Basis for Negotiation     5/10
New Worlds Science Fiction #114, January 1962. pp 50-90
In a near future nuclear age, China declares war on the U.S. Britain declares neutrality, which results in civil tensions and inner turmoil. A university professor travels to London to oppose the Prime Minister's stance.

An overlong and dated story, very much a product of its time. It is saved by decent writing, an interesting eventual bit of irony (though after thirty-plus pages), and the fact that Aldiss does not preach but tosses out a couple different viewpoints. Each opinion is consistent in its claim that Britain is ruined, they differ only in the detail of which set of politics or social class did the ruining. Aldiss also hammers these points until they become dull. Interestingly, after its original printing in 1962, the story was included in three separate collections/anthologies by 1965, and in an omnibus collection in 1969, after which it fell off everyone's radar. It might only be remembered in the future for having been selected for inclusion in Aldiss's first Best of collection. (The anthology reprint was for a book edited by John Carnell, then editor of New Worlds where the story first appeared. This can imply that Carnell and Aldiss were really the only two who saw value in the story. Since they did work closely with New Worlds, perhaps it came about from a discussion or proposal of some kind. No other editor seemed interested in keeping it in print.)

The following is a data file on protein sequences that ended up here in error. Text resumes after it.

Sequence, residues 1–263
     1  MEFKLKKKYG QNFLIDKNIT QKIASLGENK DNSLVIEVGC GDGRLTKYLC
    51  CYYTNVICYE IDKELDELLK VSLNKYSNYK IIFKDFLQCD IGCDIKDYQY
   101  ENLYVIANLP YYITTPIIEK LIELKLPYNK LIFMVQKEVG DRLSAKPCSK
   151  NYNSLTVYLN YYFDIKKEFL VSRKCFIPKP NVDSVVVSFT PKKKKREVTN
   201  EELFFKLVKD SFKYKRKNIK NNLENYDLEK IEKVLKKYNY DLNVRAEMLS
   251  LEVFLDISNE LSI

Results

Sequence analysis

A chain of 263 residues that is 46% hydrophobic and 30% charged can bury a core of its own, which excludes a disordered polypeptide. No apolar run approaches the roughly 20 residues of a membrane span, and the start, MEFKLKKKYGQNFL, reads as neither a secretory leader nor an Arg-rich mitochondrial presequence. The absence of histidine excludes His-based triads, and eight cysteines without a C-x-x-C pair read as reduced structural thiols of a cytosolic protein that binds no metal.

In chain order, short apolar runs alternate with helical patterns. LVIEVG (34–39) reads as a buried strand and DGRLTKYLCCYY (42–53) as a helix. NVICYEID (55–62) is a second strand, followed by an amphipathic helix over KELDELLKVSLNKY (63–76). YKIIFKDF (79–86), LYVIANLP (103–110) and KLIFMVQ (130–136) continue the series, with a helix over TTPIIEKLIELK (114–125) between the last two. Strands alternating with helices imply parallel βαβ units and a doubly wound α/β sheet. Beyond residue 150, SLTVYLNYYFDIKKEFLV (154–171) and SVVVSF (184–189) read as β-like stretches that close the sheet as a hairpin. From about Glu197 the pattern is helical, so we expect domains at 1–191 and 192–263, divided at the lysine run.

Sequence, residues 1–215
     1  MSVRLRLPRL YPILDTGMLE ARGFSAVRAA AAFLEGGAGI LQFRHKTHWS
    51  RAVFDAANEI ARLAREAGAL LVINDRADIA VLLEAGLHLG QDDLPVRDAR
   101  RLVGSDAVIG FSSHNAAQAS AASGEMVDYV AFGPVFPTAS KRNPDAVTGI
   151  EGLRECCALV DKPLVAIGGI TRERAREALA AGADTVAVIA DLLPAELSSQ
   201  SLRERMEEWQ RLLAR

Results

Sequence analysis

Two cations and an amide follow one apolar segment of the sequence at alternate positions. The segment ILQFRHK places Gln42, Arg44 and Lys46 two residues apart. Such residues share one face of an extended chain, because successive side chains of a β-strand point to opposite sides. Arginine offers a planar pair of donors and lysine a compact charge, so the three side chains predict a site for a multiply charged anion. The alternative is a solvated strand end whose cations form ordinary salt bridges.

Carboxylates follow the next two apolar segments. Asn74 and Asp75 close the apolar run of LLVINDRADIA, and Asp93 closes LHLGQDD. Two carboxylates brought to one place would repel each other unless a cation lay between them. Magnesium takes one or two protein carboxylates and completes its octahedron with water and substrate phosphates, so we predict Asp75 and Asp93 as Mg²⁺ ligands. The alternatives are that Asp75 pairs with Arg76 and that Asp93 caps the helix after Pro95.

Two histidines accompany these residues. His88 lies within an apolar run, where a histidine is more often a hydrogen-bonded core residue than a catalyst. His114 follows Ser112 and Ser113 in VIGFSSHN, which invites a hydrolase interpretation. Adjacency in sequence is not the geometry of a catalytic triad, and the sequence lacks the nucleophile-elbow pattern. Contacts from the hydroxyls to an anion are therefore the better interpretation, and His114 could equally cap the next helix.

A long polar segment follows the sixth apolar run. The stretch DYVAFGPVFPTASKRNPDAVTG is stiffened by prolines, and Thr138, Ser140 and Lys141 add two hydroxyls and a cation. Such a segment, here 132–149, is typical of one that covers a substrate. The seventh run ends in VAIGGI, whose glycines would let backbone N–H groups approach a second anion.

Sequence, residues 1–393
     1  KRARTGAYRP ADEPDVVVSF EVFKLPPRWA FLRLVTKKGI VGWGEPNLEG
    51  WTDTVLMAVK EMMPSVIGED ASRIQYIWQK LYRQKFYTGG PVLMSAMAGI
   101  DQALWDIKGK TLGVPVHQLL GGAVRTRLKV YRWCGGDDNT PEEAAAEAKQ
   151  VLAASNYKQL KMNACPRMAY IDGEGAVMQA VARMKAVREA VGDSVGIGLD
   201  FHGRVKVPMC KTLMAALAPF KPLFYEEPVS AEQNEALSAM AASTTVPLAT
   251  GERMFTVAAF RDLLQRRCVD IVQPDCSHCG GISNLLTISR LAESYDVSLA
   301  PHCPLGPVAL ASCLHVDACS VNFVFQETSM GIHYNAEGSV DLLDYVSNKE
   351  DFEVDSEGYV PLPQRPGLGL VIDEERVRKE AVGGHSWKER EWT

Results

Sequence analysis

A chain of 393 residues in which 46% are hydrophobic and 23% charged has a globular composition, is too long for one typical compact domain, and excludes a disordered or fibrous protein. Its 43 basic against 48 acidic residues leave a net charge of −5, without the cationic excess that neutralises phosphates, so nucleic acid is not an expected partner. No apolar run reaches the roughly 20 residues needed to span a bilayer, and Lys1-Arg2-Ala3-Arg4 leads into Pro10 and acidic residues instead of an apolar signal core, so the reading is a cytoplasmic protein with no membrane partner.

Old Hundredth     8/10
New Worlds Science Fiction #100, November 1960. pp 62-73
Once again Aldiss presents us with a distant future Earth, only on this Earth there are no humans. At least not in form. Having long since transcended matter, humans exist as wisps of light, or as music or other forms of non-matter. On Earth dwell creatures to whom humans have granted sentience on their experimental Venusian labs, as Venus had long ago taken the place of the moon and revolves alongside Earth around the sun. We follow re-purposed giant sloth Dandi Lashadusa, a musicologist studying the "musicolumns" that house those who have trans-substantiated into music. Quite detailed and complex for such a short story, Aldiss succeeds in creating an unusual, potent world. With a touch of fantasy, Aldiss makes something so potentially abstract into a world quite concrete.

Unlike "Basis for Negotiation," "Old Hundredth" has been reprinted consistently throughout the decades since its initial publication. It was included in Judith Merrill's The 6th Annual of the World's Best SF (NY: Simon & Schuster, October 1961).

A Kind of Artistry     7/10
The Magazine of Fantasy and Science Fiction, October 1962. pp 6-27
In the far flung future, humanity has reached deep into the galaxy, taking on new knowledge and new ideas, and in doing so taking on new forms; only Earthborns retain some semblance of the original human being. One such man, Derek Flamifew Ende is tasked with making contact with the Cliff, a sentient asteroid that has crashed into a distant planet.